The integration of blended learning into the undergraduates occupational therapy curriculum
Barnard-Ashton, Paula Monique
The Department of Occupational Therapy (DOT) recognised the threat of massification to the ability to graduate professional and competent generalist occupational therapists. Successrates were dropping in the diversified student body and lecturer workload was increasing, contributing to poor research publication output. Blended Learning (BL) was suggested as a strategic opportunity to manage the undergraduate occupational therapy curriculum which was delivered through Problem Based Learning (PBL). The researcher was nominated to take the lead in driving the process, initiating this Participatory Action Research (PAR). Over six academic years the lecturers of the DOT, through Legitimate Peripheral Participation (LPP), participated in curriculum redesign and content development activities, which crafted the BL process. The PAR research design facilitated the insider positionality of the researcher to investigate the impact of BL on teaching and learning within the DOT. The stakeholders in the study were the lecturers of the DOT, the students enrolled in the Bachelor of Sciences in Occupational Therapy degree between 2010 and 2015, and the School e-Learning Project team. Quantitative and qualitative methodologies were employed throughout the PAR. Quantitative data were analysed for effect due to the small student and staff population. Qualitative data were analysed using Strauss’ grounded theory and Brookfield’s lenses of critical reflection. This thesis presents five papers of which two are macro-level PAR studies and three are micro-level PAR studies. The results yielded two core themes: the drivers of change and the outcomes of BL. The outcomes of BL demonstrated that when integrating BL over a long-term intervention the effect of habituation on student performance is positive, students perceive BL to have a positive effect on their knowledge gain and that when BL activities have the ‘just right challenge’ students are interested in the learning process and find it beneficial to their learning. The six drivers of change provide guideline criteria to consider when integrating BL into PBL curricula with similar contexts; namely: Buy-in and goodness of fit, Being evidence-based, Just do it!, Support, Students are primed for BL, and the hurdles to BL. The lecturers of the DOT believe that ‘there is no going back!” Ethical clearance for this thesis was issued through the Human Research Ethics Committee (Medical) with the following numbers: M090920, M160877 and M141168 (refer Appendix A) The originality report through Turnitin presented in Appendix B shows 14% similarity when the two published articles are excluded.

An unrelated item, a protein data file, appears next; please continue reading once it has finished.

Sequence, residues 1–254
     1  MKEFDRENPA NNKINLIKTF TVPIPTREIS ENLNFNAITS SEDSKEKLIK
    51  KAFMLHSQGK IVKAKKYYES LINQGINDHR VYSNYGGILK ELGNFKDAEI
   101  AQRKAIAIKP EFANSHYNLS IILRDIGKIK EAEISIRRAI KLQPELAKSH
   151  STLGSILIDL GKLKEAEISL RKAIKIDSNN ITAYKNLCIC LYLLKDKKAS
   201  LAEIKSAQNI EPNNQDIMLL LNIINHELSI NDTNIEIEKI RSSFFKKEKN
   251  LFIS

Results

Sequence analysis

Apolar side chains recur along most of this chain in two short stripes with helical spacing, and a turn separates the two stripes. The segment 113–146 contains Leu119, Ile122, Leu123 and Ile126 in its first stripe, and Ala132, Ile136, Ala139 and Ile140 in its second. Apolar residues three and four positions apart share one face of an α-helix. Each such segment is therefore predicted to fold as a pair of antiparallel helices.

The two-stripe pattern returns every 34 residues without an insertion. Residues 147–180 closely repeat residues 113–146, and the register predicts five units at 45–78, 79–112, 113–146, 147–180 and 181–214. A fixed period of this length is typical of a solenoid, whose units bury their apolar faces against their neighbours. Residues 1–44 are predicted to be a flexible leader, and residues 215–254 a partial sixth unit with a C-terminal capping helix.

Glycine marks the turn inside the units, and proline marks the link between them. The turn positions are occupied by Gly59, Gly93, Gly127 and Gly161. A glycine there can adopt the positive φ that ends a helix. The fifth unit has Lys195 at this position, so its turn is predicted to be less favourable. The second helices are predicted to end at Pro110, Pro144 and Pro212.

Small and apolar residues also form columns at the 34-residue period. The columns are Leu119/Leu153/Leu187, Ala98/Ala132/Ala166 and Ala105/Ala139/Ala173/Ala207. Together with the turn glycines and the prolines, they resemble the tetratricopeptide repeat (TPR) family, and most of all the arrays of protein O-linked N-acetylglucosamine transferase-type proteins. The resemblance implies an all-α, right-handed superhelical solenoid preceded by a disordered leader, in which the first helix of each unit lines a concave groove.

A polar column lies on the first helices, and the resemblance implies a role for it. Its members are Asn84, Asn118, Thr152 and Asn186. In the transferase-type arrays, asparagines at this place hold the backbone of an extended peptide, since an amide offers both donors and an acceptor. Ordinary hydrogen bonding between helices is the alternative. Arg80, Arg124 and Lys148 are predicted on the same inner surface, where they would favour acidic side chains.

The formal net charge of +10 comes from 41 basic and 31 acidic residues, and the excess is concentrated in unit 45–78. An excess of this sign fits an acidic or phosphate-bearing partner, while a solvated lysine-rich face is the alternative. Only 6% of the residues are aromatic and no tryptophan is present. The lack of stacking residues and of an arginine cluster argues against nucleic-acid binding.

Original published work submitted to the Faculty of Health Sciences, University of the Witwatersrand, Johannesburg, in fulfilment of the requirements for the degree of Doctor of Philosophy, 2018